>   development of the mind (using the palace school as a catalyst for
>   setting up of cathedral schools throughout Francia, monastic reform
>   that would mandate education, the import of scholars from abroad,
>   etc.), which was a precondition for the development of the spirit,
>   which allowed you to participate in god's creative (inventive)
>   power. Although tenuous in practice, the idea of planification was
>   very much present. If one concludes that is it much a part of
>   European culture since the 9th century, then why attribute that
>   element specifically to the Enlightenment?

Because the Enlightenment actually took the idea seriously enough to 
implement, and, more importantly, because in the Enlightenment we have 
materialist planning, as opposed to an idealist attempt to transcend 
(instead of radically alter) reality.

> What I'm getting at is that looking to the Enlightenment roots of
> Marxism, we are in danger of being Eurocentric and insensitive to the
> longer sweep of history. In other words, we would have to show that
> the the traits are really peculiar to the Enlightenment and also
> fundamental to it, that these ideas were imported into Marxism without
> significant change (there is danger of hypostatizing ideas that are
> independent of profound historical change), and that these ideas are
> essential to Marxism, rather than merely accidentals.

On your first point, I think it is clear that those ideas are a fundamental 
part of the Enlightenment, and I am not convinced to what extent we must 
demonstrate that they are peculiar to it. Even if they exist in other 
manifestations in history, that's where marxism imported them from, not 
Islamic thinking or some other non-European source (marxism is a European 
idea, in provenance if not in application and vocation, like it or not). On 
your second point, I think that many ideas and values of Enlightenment 
thinking were imported perhaps not intact but in recognizable forms into 
marxist thinking. Sure, the dialectic is a twist on reason, but it is still 
recognizable. On your third point, I don't see how those ideas or values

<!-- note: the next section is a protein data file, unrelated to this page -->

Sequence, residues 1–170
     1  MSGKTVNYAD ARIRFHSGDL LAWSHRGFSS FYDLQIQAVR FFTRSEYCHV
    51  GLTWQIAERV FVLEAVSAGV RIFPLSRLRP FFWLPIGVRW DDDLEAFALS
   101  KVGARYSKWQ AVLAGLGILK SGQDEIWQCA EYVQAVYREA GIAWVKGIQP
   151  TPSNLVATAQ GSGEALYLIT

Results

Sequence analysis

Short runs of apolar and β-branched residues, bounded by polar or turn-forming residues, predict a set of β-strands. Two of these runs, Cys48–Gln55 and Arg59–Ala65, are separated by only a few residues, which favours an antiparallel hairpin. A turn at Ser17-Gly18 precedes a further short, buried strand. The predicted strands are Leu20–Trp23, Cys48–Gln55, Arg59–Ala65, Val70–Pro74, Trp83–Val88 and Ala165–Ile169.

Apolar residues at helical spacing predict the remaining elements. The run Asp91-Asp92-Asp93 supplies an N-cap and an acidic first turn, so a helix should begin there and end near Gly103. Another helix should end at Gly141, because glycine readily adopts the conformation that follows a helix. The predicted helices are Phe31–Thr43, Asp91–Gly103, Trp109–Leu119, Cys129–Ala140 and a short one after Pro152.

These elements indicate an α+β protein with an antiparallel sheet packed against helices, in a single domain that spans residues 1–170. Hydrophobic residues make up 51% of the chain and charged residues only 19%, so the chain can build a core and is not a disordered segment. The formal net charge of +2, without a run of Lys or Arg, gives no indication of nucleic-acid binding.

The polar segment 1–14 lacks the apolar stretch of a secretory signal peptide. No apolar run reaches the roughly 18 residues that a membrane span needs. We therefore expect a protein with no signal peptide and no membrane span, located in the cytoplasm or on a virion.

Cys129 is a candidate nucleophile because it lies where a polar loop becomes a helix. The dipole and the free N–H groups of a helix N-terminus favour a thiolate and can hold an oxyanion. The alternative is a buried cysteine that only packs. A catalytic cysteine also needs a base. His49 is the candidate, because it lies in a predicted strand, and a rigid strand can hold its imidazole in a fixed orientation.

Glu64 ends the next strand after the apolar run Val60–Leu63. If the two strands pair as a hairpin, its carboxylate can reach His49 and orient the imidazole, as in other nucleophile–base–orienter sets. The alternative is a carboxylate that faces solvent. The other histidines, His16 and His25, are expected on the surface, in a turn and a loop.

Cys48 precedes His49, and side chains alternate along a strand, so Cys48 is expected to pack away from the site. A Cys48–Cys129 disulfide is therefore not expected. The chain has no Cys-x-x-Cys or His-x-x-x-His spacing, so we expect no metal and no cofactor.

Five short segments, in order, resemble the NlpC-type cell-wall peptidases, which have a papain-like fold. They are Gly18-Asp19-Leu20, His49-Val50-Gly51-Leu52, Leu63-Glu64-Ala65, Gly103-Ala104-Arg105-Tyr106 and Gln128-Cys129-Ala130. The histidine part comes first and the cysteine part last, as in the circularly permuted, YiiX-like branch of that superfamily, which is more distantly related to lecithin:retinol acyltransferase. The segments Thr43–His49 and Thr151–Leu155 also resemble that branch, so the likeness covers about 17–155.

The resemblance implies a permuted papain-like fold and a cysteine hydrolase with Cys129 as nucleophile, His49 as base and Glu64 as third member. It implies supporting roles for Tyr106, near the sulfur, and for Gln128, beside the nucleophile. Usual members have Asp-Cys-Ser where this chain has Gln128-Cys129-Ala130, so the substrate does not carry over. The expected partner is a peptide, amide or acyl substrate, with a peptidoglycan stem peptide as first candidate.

could be detached from marxism, and, more importantly, I don't see what good 
it would do to try to detach them. If they're not essential (which I would 
argue they are) at least they form an important element of marxism as it is 
known, and I cannot envision a marxism that lacks them.

> Yes, agreed, but the term "post-modern" has been used in various
> ways. I get the feeling (perhaps wrong) that the term is shedding its
> (unfortunate) role as a kind of literary criticism popular in certain
> academic circles, amd is coming essentially to mean a broadly
> post-Enlightenment mode of thinking, particularly in the philosophy of
> science.

Could you clarify this a bit? Also, in your view, is it possible to preserve 
marxism's essential nature while placing it over a different epistemology?

> Post-modernism may indeed imply a rejection of planification, but
> perhaps in the less problematic sense of it being a critique of
> optimal decision theory. That is, Enlightenment planification may
> presume a powerful individual being in a position to shape the course
> of events in response to his idea of future possibility. Both of these
> presumptions today are considered problematic, not only in Marxism,
> but also the philosophy of science.

Optimal decision theory does not bring with it a requirement that an 
individual has to foresee the future alone and choose an option that 
maximizes his utility. It's just a formalism that can be applied to 
different modes of thinking about agents conducting themselves in a knowable 
world.

> Yes, perhaps so. But I hope we might steal the term post-modern from
> literary academics and put it to better use.

I don't know to what extent the suggestion is serious, but why would we want 
the term? What good does it do us, especially considering the association it 
has already gained as an antiprogramatic, antiobjective, antiscientific, 
antiprogress, antitruth philosophical viewpoint espoused by people who can't 
do maths?

--David.